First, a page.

Chewonki Semester Students participate in a half day service project each semester to involve the students in the surrounding community. The projects vary quite a bit from semester to semester, but a sampling from this spring’s projects include: playing bingo with veterans, participating in spring planting at a family farm, yard work at a senior’s residence, delivering and stacking wood for a local family, and clam seeding (as Anna will describe below!).
Two Saturdays ago on April 28th, 5 students piled into a van along with Carol, the resident expert clam digger. Carol and the students, Kailina, Paola, Taylor, Mountie and Anna (me!) were bound for the mud flats near Chewonki’s Eaton Farm to do an interesting job for Community Service Day – clam digging. The uniqueness of the project was what originally prompted me to sign up for it; when else would I have the opportunity to dig for clams in the mud flats of Maine? And of course the mud aspect of clam digging was alluring. I could never turn down an opportunity to get waist deep in mud. We donned our hip waders, and waddled down to the flats, where Carol gave us a brief “Clam Digging 101” tutorial. One simply drags the clam rake quickly through the mud, scans the area for clam shaped masses, and sticks their hands in the gooey mud and picks them out. The tricky parts are not getting stuck waste deep in mud or crushing the clams as you try to dig for them. I encountered both of those challenges frequently, and had to limit myself to digging near the land after a particularly sticky mud incident. Some excitement happened about halfway through our digging excursion, when my camera was dropped in the mud. No one noticed the absence of the camera until a while later, when my paranoid mind feared the worse- the camera surely had to have sunken deep into the gushy mud, never to be seen again. But Carol went out into the flats, determined to recover it, and sure enough, she found it, good as new. Well, it was a bit mud clogged, but to my disbelief, it worked fine! Energized with the relief that my camera was safe, I walked along the edge of the mud flats with Mountie, Kailina and Paola to do a shore clean, finding everything from full milk jugs to buoys. The abundance of the junk on the shore was disheartening. After gathering our equipment, and taking a group photo of us all coated in mud, we jumped into plastic bags to protect the bus from our muddy bodies, and headed back to Chewonki, just in time to regale other semester students of our experience over lunch.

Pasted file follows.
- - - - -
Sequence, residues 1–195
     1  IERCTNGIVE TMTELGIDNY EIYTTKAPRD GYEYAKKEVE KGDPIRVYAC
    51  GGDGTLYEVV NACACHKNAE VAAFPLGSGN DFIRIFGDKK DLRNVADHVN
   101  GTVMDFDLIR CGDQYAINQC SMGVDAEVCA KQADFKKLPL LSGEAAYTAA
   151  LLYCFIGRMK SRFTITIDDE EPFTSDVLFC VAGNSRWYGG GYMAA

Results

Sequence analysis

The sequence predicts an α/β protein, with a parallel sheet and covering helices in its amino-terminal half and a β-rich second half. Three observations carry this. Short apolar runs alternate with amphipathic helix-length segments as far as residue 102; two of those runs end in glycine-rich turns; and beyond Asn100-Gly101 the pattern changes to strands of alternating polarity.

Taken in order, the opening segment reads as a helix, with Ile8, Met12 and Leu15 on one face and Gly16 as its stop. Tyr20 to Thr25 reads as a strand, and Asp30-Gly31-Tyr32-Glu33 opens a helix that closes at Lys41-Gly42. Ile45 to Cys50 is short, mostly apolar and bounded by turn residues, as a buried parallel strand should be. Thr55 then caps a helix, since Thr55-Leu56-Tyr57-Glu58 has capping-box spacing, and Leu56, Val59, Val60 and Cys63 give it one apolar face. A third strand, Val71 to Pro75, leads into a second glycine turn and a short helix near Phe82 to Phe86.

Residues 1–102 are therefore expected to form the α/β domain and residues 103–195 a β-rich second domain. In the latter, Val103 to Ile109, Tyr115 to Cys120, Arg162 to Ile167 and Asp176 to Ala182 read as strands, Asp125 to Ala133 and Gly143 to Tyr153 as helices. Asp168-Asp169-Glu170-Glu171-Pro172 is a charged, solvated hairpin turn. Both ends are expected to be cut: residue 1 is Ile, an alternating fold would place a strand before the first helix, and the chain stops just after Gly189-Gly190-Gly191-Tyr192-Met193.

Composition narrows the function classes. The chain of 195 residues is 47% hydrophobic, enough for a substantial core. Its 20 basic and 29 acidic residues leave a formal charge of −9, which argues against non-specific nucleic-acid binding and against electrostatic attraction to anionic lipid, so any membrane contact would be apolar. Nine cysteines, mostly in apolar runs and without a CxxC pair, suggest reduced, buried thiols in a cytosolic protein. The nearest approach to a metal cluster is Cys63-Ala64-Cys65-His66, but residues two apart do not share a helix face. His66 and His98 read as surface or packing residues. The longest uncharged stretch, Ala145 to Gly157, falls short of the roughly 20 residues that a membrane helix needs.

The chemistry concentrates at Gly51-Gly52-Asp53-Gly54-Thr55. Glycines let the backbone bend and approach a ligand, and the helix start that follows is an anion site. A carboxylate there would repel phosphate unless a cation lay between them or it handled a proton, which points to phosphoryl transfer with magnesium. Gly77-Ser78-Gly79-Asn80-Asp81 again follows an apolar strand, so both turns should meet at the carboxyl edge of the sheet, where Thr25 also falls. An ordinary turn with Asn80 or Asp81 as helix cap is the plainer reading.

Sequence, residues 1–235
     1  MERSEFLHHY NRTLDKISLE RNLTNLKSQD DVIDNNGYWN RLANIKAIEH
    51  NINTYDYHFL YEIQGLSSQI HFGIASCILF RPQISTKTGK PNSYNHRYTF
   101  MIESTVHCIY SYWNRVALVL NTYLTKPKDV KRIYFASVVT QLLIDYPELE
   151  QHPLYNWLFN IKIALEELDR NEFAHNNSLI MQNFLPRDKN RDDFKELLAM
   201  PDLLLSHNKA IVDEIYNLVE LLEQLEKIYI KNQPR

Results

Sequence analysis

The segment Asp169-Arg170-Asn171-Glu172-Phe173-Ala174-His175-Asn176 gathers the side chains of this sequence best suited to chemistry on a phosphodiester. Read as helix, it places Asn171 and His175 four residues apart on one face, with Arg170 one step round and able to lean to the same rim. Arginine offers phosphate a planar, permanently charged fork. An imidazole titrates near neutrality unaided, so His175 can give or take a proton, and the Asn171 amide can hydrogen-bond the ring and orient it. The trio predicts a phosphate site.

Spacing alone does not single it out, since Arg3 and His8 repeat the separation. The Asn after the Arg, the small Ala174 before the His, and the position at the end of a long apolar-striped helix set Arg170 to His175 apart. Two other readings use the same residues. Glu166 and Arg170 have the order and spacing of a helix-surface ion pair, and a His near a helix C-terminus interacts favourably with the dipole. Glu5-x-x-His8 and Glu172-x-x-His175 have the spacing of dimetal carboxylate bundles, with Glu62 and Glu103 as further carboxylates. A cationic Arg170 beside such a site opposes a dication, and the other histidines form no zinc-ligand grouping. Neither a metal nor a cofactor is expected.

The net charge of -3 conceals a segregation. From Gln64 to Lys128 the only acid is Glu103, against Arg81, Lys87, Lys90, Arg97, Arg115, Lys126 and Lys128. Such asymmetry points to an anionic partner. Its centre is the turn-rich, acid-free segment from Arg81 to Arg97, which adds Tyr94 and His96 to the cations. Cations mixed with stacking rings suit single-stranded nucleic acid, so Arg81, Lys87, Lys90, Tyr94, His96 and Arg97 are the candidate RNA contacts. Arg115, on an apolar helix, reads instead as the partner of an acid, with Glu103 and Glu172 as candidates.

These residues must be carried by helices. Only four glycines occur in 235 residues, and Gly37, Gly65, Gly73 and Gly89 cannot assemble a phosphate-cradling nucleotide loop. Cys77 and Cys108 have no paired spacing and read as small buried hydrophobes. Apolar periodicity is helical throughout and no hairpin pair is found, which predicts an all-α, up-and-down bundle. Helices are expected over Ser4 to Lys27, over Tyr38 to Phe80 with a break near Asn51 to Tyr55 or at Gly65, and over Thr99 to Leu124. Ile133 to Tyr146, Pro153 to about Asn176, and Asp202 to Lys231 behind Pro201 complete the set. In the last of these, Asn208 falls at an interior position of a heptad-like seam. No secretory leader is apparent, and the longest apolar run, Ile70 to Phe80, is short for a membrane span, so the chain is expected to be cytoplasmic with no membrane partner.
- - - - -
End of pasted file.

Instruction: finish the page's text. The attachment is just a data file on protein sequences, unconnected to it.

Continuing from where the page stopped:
The next morning, we ate our hard earned clams for brunch; they were indeed delicious.
Anna Sheinaus, Montclair NJ